Safety of BGE plan a concern

Neighbors fear use of toxic chemical

June 23, 2000|By Andrea F. Siegel | Andrea F. Siegel,SUN STAFF

Baltimore Gas and Electric Co. and its neighbors in northeastern Anne Arundel County, who have been tangling for nearly two decades, are at odds again over the power giant's choice of new pollution controls.

To meet state requirements for lowering nitrogen oxide emissions during the summer ozone season, BGE is spending $100 million to add equipment akin to a catalytic converter at its Brandon Shores power plant.

The process, which is expected to reduce emissions by 90 percent from May through September starting next year, uses anhydrous ammonia, a hazardous substance that is a pressurized liquid form of the gas.

That has worried neighboring communities. Residents who fear an accidental release of fumes say they wish they had been invited to participate in BGE's planning process for reducing emissions. The company chose the process in 1998.

"Will schools, nursing homes, houses, have to be evacuated? If there is an accident, an emergency, we want to know if the hospitals and the fire departments can handle it," said Lester A. Ettlinger, a Stony Beach resident and former Johns Hopkins University professor of physics.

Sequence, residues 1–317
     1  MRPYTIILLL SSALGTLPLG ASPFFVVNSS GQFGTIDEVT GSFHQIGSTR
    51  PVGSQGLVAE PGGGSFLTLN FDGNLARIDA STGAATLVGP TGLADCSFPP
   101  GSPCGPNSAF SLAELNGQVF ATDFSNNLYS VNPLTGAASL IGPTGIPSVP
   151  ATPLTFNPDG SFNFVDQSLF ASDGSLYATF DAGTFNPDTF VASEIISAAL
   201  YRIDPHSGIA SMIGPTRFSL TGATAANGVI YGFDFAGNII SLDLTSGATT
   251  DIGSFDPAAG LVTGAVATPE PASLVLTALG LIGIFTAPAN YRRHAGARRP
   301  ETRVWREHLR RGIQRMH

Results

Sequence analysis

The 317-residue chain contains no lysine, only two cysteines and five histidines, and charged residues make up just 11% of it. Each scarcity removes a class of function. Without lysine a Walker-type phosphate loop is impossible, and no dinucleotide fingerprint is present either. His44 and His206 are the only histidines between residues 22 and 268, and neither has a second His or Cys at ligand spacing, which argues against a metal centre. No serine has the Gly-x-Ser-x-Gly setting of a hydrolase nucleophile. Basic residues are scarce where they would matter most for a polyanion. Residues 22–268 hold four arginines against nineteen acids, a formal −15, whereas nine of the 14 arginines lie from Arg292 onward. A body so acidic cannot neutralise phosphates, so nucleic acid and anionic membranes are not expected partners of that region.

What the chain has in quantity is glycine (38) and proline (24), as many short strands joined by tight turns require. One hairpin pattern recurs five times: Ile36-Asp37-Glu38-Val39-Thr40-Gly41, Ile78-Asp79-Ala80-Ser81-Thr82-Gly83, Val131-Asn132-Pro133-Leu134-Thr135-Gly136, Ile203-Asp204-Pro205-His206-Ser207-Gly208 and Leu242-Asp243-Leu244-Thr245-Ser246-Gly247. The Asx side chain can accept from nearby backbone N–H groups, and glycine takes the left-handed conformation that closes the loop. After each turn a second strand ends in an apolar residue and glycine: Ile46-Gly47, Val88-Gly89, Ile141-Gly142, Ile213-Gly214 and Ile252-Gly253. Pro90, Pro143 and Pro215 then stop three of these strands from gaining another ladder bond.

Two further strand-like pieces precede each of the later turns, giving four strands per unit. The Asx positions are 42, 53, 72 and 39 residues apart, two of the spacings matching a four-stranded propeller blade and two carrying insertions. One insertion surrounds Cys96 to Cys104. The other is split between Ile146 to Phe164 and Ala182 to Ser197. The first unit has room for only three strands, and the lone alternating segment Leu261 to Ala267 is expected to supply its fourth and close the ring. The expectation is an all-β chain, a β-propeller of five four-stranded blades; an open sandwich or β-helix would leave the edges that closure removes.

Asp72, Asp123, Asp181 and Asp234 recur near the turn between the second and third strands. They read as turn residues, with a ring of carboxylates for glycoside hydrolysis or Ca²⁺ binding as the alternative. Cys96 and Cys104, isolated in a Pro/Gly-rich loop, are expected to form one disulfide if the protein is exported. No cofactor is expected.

Residents of the communities, which lie along the water and are served by increasingly busy roads, fear logistics would hamper efforts to respond to an emergency.

The emergency could be a leak from a truck crash - one truck a day will make a delivery - or escaping fumes at the plant, they say. The fumes can cause respiratory irritation, they say.

"If you have to evacuate, I think you are basically talking about pandemonium," Ettlinger said.

Residents are asking BGE to consider equipment that uses a solid form of ammonia, which they believe is safer.

A Massachusetts power plant recently began using it. It is the nation's first to do so.

BGE officials said yesterday that that technology did not exist when they had to make their decision. However, BGE will track the Massachusetts plant's progress, officials said.

At a meeting last night among BGE representatives and about 15 neighborhood representatives and local officials, Ettlinger said he was not convinced.

Officials touted the safety and security measures they are installing, which include containing an accidental release of fumes and neutralizing the vapor so that it cannot catch fire.

Tracey said the highest probability of an accident is during the transfer of anhydrous ammonia from a truck to a storage tank.

BGE officials said evacuations should not be a major concern because in the event of a leak, officials prefer to keep people indoors until an ammonia cloud dissipates - and they dissipate fast.

Anhydrous ammonia is the second-most widely used chemical in the country, used in refrigeration, fertilizer-making and manufacturing.

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